A new analysis of 5G across the Asia-Pacific (APAC) region has been published by industry association the GSMA. It has revealed wide disparities in 5G readiness across the region.
The report suggests that a planned approach to spectrum availability and management are key differentiators for the successful roll-out of high-speed 5G services between competing APAC economies, especially in 700MHz and mid-bands.
As the GSMA points out, the APAC region has been a leader in 5G deployment; Korea and Japan were among the first countries in the world to test and launch commercial networks. However, in other parts of APAC, 5G preparedness varies hugely and countries are faced with a number of issues, including a lack of spectrum availability, especially in the sub-1 GHz range, and cross-border coordination. In some cases, 5G spectrum is yet to be awarded.
Different demographics and economies across the diverse region mean that countries such as Bangladesh, Cambodia, Indonesia, Pakistan, Thailand and Vietnam will require enhanced or bespoke roadmaps. Meanwhile, India is moving ahead (as we have reported in these pages) with what is described as a robust consultation programme as it develops its plans for affordable connectivity.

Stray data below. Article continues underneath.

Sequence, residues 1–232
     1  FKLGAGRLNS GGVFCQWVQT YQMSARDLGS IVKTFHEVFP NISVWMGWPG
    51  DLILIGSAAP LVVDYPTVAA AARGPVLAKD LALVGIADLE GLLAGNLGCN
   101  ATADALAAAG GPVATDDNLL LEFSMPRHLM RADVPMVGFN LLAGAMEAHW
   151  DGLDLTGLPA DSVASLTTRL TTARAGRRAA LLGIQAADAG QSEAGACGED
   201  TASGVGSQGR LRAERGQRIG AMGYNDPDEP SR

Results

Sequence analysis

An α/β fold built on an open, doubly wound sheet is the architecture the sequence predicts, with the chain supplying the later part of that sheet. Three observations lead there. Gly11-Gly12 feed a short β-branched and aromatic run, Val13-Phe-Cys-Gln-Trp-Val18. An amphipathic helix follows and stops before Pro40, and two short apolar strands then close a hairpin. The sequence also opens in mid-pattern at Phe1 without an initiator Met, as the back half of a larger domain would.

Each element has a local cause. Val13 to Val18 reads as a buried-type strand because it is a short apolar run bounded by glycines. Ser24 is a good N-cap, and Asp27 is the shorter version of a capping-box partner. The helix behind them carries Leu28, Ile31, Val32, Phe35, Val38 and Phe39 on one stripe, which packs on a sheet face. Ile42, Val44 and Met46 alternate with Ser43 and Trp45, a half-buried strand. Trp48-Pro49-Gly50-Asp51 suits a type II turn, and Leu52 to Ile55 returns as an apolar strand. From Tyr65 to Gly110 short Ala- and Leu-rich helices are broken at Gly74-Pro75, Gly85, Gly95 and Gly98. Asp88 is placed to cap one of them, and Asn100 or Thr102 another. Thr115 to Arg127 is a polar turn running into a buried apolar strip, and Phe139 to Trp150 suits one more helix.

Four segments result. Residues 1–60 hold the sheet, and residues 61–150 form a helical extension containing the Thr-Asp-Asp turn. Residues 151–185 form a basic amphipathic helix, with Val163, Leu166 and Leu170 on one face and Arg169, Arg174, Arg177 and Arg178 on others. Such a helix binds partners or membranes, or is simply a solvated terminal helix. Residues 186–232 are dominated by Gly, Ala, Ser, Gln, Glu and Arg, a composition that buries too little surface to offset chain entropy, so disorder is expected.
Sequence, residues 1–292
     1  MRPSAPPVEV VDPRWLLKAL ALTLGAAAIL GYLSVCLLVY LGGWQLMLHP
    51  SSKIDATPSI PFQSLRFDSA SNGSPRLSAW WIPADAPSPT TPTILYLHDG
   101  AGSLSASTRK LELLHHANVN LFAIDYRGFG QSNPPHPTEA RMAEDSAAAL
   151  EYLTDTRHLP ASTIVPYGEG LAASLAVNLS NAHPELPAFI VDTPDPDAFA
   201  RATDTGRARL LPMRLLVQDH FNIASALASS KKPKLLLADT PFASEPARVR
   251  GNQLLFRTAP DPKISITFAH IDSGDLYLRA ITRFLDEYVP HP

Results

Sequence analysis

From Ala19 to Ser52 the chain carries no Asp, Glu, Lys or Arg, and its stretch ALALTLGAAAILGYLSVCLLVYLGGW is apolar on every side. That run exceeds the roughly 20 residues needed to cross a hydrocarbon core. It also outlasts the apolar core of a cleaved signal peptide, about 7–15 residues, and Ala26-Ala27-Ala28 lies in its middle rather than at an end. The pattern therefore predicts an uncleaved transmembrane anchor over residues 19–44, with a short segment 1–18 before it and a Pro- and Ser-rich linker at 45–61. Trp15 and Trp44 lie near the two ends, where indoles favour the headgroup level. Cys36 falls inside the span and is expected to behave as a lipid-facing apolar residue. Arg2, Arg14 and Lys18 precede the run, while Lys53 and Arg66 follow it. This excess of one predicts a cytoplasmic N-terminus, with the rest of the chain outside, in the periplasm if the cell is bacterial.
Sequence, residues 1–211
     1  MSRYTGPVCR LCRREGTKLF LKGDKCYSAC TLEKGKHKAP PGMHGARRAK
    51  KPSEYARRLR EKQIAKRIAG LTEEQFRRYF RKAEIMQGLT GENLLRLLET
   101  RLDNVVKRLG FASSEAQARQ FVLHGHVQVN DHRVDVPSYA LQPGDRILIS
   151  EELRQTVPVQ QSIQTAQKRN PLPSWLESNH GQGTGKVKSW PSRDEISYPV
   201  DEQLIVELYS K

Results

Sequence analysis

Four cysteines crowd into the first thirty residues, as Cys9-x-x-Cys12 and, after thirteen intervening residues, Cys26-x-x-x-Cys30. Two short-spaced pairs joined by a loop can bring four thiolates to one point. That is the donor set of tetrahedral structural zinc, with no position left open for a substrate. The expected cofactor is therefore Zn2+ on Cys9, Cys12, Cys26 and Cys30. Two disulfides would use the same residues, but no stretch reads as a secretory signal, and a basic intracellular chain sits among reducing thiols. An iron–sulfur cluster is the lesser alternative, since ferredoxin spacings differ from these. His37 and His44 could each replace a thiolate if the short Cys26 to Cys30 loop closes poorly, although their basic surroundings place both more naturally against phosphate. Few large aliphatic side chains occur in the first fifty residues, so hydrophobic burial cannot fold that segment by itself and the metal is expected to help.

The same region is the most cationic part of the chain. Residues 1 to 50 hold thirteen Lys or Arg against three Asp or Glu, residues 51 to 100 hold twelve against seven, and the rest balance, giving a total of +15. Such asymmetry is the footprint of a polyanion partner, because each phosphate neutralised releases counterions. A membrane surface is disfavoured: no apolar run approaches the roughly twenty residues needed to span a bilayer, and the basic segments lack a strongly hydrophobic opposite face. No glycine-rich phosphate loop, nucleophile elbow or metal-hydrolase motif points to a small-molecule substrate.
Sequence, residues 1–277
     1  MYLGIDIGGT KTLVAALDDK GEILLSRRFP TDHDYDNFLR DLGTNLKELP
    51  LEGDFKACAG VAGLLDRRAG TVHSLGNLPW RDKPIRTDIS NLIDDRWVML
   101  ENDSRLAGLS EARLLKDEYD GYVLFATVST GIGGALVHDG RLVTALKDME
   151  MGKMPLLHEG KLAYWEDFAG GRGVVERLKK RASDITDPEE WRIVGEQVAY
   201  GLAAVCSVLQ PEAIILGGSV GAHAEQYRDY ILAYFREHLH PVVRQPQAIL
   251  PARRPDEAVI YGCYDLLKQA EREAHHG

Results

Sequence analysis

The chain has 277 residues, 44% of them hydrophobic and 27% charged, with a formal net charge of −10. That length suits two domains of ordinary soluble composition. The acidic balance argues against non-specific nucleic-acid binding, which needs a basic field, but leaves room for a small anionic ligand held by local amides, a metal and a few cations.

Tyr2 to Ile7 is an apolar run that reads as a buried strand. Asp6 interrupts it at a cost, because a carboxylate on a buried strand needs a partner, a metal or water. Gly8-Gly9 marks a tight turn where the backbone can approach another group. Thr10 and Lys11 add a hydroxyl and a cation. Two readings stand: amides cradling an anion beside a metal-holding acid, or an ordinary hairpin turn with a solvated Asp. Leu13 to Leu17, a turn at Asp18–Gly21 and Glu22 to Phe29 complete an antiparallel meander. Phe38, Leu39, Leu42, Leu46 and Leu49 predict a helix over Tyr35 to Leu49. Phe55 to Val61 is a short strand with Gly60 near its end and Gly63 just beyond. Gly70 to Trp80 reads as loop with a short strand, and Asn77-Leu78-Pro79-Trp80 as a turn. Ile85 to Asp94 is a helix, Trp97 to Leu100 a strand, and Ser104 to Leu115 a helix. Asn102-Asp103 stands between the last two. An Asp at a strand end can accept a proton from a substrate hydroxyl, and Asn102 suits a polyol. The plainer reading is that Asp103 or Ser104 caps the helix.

The GSMA’s Roadmaps for Awarding 5G Spectrum in the APAC Region report outlines the necessary steps governments and regulators should take to enable efficient and effective availability of spectrum, including identification and clearance of spectrum; technology definitions and restrictions; spectrum valuation; and award design.
To reap the benefits of ultra-fast 5G networks, the report suggests, an average of 2GHz of mid-band spectrum alone is predicted to be required in the 2025-2030 timeframe, but in many cases, it adds, the current path to meeting such spectrum demand is unclear.